Austrelaps suberbus is a generalist with regard to habitat and prey selection, and is tolerant of cool to cold, wet climates within its natural range. These characteristics suggest that it is certainly possible for this species to survive and reproduce successfully on the West Coast, as well as in many other regions of New Zealand; where environmental conditions are comparable to those in South-eastern Australia/ Tasmania, and where an abundance of small prey (e.g. mice, rats, birds, Litoria frogs) exists.

If Austrelaps superbus was to establish on the West Coast or elsewhere in New Zealand, it is likely that it would inhabit open grassland or scrubland habitats on the edges of rural and forested areas (c.f. dense native forest), where sun-basking areas are readily available and a hasty retreat into thick vegetation would be possible if threatened. On the West Coast, the species may also favour historic mine tailing sites, where large piles of rocks and debris – largely covered by weedy vegetation – provides suitable refuge and basking sites, as well as an abundance of prey (e.g. mice, lizards and invertebrates). The species is also likely to remain close to water bodies (e.g. lakes, ponds, streams, irrigation channels) given their propensity to swim, hunt and overwinter in burrows close to water.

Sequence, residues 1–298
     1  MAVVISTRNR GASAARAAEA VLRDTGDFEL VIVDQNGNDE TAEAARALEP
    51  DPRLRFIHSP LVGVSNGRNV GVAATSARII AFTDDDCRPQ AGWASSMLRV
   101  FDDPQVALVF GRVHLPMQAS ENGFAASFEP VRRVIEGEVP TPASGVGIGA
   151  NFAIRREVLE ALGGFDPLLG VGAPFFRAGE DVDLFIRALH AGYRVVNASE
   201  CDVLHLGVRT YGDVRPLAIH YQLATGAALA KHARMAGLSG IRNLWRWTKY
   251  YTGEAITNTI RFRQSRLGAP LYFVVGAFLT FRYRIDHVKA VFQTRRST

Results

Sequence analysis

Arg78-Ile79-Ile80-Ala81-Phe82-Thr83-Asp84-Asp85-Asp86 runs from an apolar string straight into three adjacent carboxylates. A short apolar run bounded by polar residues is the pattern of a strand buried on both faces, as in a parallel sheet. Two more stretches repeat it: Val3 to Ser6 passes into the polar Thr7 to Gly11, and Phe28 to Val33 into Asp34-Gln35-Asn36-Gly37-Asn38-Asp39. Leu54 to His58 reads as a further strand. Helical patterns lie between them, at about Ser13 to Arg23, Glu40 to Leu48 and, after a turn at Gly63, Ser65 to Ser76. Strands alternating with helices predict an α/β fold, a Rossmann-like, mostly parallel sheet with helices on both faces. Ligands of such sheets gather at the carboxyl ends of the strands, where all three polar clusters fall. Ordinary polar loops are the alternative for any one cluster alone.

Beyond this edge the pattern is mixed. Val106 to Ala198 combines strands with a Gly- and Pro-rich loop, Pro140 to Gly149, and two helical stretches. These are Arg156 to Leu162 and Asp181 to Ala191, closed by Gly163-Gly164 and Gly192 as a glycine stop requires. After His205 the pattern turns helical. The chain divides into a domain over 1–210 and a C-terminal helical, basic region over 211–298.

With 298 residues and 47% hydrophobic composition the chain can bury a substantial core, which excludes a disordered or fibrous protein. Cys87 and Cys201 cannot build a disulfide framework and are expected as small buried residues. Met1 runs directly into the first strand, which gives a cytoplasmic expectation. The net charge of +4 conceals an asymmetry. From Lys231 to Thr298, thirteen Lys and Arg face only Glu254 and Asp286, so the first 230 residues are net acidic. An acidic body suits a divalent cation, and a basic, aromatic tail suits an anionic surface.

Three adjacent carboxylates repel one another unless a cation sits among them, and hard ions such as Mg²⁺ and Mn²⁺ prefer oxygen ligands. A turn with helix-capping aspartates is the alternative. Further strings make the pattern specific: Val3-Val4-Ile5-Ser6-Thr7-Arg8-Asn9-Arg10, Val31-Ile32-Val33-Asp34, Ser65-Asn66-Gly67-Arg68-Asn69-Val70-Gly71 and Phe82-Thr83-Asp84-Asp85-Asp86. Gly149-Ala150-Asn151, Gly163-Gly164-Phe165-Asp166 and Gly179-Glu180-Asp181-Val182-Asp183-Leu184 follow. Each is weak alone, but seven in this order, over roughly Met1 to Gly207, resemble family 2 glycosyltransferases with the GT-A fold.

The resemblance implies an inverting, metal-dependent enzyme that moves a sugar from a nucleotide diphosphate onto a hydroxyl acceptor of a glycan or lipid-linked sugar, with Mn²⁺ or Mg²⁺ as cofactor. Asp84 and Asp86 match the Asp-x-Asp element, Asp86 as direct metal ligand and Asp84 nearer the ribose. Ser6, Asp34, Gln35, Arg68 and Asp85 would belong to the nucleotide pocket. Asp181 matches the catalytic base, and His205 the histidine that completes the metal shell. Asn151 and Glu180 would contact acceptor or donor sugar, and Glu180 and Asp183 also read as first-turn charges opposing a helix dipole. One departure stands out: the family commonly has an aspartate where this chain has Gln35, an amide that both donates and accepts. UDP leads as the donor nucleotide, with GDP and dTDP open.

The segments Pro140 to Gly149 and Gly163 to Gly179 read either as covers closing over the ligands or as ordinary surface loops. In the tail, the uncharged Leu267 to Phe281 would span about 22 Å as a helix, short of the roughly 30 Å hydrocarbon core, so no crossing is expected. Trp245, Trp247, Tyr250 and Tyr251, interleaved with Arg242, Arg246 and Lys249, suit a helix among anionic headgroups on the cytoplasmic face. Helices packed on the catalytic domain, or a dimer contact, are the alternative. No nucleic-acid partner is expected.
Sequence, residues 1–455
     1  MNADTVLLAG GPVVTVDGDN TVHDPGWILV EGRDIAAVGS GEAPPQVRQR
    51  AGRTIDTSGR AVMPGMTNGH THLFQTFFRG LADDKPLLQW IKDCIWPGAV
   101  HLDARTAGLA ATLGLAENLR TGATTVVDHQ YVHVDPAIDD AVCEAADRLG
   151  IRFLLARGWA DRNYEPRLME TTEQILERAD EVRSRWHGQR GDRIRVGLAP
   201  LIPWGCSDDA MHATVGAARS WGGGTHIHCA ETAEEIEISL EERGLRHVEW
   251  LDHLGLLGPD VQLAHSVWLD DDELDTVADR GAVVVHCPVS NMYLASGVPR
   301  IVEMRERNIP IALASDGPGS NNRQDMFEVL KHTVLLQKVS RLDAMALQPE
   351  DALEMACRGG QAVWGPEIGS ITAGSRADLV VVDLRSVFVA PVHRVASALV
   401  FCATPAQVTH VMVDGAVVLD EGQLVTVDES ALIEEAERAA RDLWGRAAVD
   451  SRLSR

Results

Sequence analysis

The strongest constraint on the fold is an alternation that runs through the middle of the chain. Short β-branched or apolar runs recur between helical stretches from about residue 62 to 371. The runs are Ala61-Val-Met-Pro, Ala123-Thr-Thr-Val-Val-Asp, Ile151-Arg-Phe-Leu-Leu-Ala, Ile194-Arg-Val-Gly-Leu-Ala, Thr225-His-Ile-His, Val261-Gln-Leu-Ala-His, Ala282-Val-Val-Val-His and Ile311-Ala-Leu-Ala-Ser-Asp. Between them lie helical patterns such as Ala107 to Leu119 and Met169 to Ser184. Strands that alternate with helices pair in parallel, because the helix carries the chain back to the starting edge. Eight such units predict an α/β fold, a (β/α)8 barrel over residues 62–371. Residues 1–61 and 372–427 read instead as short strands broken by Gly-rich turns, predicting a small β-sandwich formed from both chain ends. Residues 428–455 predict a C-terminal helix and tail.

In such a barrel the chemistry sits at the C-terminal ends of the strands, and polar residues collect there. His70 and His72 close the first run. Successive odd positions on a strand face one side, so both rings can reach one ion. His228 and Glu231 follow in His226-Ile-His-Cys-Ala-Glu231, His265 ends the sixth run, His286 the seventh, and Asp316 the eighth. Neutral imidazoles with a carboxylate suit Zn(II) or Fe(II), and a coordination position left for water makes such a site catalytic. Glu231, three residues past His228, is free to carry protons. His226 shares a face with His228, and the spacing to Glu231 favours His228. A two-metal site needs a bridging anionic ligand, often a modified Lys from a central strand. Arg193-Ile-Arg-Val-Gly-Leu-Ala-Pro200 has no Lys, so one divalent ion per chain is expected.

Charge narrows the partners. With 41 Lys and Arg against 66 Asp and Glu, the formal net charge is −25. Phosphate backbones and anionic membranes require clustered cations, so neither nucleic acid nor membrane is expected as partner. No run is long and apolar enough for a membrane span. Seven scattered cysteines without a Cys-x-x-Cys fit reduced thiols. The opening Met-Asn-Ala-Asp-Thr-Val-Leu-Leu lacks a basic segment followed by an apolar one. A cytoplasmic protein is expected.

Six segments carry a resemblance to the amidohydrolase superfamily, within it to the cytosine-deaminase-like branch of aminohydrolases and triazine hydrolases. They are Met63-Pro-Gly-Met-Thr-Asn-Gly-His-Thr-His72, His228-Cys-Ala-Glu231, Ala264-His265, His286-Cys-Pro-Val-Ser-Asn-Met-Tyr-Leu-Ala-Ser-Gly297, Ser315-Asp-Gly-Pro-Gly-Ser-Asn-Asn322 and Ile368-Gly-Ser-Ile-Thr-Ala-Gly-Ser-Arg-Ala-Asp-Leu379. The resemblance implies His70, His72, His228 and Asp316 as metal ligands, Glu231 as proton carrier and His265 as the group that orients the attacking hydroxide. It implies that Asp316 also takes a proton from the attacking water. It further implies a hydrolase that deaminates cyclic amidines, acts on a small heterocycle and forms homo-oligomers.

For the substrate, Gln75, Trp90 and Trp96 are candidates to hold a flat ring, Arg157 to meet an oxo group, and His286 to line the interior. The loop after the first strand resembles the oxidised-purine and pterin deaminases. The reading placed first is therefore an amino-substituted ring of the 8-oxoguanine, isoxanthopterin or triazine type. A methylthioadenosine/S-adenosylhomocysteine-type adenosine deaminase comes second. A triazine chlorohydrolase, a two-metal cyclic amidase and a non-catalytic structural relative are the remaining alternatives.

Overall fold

The potential impact on native fauna, as prey, would be restricted to small-bodied animals, such as invertebrates (e.g. weta, crickets, and possibly beetles), Oligosoma skinks, geckos (Mokopirirakau, Woodworthia and possibly Naultinus spp.), frogs (e.g. Leiopelma frogs), ground-dwelling or foraging birds, and potentially bats. Introduced species (e.g. mammals, Litoria frogs, and small or juvenile birds) would probably feature highly in the diet, given the relatively high abundance of exotic species in New Zealand. However, the extreme potency of Austrelaps superbus venom would cause serious harm or mortality of most living organisms in New Zealand, if a bite were to be delivered.

One other genus of south Australian snake, Notechis spp. (Tiger snake), potentially fits the notifier’s description and would also be capable of surviving on the West Coast. Notechis spp. share a very similar reproductive strategy and behaviours to Austrelaps spp., and also highly venomous. The probability of establishment and potential risks to native fauna by Notechis spp. are considered equivalent to those described for Austrelaps spp.